St John and the rose


St John’s wort. Is it only in Yorkshire that this plant is also called Rose of Sharon?


The roses in my mum’s garden are doing really well this year

This year seems to be a very good one for roses. The ones in my mum’s garden are thriving, producing so many blooms that her flowerbeds, borders and patio are bursting with wonderful explosions of colour. I am not very knowledgeable when it comes to varieties, but the scented ones are especially lovely, filling the air with their glorious perfume as you walk past.

But when is a rose not a rose? When it is the Rose of Sharon, a name which is commonly associated with the hibiscus syriacus, a shrub from the mallow family. Trying to get to the bottom of why it is called ‘Rose of Sharon’ is nigh on impossible as there is a plethora of different plants with this name, including species of iris, peony, apple, and Chinese hibiscus, but no actual roses.

Unsurprisingly perhaps, the name has biblical associations, as my dad mentions in his column from 12th July 1980, appearing in the Old Testament (Song of Solomon): ‘I am the Rose of Sharon and the Lily of the Valleys’. There is debate to this day as to what the ‘Rose of Sharon’ actually was, and what the phrase really means. Floral contenders include the crocus, the tulip, the lily and the narcissus.

According to Dad, this flower of many identities is also known as St John’s Wort. He explains, though, that very few of his reference books mentioned Rose of Sharon in association with St John’s Wort and he had to refer back to the notes of his esteemed predecessor, Major Jack Fairfax-Blakeborough, to find one. Unfortunately, I wasn’t able to lay my hands on the notes Dad was referring to, although he does go on to say that the flower was one of the major’s favourites and he occasionally sported one in his buttonhole. I did eventually find out that it is mainly in Britain that St John’s Wort is sometimes known as Rose of Sharon, so I wonder if it is an old Yorkshire name? Perhaps one of you knows the answer, and can shed some light on why Rose of Sharon is linked to St John’s Wort.

St. John’s Wort can be seen both in gardens and growing wild, although it has to be treated with caution as it spreads very easily and can dominate other less robust plants. Common St John’s Wort has upright woody stems that grow up to a metre tall, with bright yellow star-shaped flowers speckled with black. It is also known as ‘perforate’ thanks to the fact that its narrow oval leaves are covered with translucent dots that can be seen when held up to the light making it look like it is covered in tiny perforations.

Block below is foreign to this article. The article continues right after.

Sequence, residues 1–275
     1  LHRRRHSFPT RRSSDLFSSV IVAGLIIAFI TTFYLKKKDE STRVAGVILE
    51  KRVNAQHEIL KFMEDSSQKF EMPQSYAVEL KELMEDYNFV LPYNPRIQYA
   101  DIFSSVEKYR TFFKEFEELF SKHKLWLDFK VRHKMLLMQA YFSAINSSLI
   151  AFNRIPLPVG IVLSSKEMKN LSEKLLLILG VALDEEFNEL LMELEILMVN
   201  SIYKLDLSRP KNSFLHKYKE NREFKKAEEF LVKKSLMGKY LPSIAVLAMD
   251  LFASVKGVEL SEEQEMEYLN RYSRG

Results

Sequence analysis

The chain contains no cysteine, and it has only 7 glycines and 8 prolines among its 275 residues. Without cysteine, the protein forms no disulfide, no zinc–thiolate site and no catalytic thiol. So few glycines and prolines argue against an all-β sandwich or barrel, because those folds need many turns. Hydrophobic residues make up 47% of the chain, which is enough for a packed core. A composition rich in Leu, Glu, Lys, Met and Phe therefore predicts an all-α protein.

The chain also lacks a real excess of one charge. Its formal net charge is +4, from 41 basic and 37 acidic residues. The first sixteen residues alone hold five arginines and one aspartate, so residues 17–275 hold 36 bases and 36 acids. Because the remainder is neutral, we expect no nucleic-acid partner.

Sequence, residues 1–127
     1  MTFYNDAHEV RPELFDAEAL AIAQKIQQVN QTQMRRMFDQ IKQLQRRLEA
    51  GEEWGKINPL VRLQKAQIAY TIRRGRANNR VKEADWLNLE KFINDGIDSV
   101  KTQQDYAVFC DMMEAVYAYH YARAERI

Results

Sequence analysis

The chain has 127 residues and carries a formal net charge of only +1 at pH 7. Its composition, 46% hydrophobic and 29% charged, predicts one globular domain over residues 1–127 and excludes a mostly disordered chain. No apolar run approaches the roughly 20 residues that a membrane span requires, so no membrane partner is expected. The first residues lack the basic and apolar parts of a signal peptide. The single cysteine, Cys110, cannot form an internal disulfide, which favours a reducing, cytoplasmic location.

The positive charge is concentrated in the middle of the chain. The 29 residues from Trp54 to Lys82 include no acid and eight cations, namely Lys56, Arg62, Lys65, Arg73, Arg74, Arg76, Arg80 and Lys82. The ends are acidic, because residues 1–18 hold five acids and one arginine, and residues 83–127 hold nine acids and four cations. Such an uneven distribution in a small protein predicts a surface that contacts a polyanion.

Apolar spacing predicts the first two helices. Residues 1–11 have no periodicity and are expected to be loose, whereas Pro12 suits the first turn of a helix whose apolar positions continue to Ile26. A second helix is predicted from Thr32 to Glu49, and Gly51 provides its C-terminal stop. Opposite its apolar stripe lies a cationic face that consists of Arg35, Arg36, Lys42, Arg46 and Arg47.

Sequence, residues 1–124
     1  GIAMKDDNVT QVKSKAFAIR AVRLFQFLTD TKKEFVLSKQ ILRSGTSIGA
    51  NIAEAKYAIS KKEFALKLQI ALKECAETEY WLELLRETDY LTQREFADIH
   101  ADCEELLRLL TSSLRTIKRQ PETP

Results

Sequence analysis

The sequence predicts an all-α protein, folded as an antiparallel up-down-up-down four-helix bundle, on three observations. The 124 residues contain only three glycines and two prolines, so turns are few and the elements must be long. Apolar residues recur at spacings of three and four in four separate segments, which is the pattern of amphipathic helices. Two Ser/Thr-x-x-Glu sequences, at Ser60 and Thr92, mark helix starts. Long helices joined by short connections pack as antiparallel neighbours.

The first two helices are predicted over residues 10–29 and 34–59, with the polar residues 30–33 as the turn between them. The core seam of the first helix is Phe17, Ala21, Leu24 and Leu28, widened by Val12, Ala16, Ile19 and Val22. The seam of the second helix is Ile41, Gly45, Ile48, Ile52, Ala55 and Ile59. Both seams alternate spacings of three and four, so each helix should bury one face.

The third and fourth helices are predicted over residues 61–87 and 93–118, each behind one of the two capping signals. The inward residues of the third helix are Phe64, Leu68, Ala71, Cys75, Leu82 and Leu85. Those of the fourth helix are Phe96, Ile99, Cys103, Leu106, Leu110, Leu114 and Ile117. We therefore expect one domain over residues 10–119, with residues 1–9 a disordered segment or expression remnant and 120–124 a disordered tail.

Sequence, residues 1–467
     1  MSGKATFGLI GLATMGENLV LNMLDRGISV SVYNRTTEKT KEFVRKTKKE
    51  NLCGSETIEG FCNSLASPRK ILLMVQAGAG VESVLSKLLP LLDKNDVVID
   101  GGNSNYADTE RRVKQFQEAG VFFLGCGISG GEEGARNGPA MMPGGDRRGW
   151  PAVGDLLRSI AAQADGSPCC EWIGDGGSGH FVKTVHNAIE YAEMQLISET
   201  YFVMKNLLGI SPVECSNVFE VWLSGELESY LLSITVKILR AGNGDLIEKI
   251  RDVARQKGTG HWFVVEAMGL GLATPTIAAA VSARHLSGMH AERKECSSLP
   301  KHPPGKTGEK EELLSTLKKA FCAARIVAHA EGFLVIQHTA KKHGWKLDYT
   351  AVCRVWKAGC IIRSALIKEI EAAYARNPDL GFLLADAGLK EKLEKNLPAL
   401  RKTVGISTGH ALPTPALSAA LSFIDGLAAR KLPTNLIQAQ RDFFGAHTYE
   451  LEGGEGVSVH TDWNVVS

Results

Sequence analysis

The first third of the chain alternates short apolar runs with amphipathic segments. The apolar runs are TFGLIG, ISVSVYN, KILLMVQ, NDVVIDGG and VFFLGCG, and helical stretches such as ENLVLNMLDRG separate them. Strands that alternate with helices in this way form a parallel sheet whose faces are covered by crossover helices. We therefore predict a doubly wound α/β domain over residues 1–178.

The plant has been associated with mystic qualities for centuries, not least because when its stems are broken, a blood-red substance seeps out. Some likened the tiny holes to the wounds on Christ’s hands and feet, and on the eve of St John the Baptist’s Day (24th June), the plant would be burned to ward off evil spirits and the charred herbs would then be hung in houses, stables, byres, or upon the necks of horses and dogs. One reference to the herb which dad found came from 1525 and states: ‘If it be putte in a mannes house there shall come no wyked spryte therein.’

I’ve recently rediscovered a small book written by Dad in 1995 called ‘Yorkshire Days’, a collection of notable dates celebrated within the county’s boundaries. It is St John’s Wort day on 29th August, the day when Roman Catholics commemorate John the Baptist’s death. You might be familiar with the story of Salome, King Herod’s step-daughter, who danced for him at a banquet and he was so enthralled that he granted her any wish. She asked for the head of John the Baptist to be served on a platter. Interestingly, John is one of only two saints (the other being the Virgin Mary) who have days to mark both their birth and their death. Most saint days occur on the date they died.

Although St John’s Wort can be poisonous to livestock, it has long been highly prized for its medicinal properties and, when applied in the right way, it has been shown to help heal wounds and burns, and ease the symptoms of insomnia, the menopause and depression.

Read more at Follow me on Twitter @countrymansdaug

This column appeared in the Darlington & Stockton Times on 10th July and the Gazette & Herald on 8th July 2020

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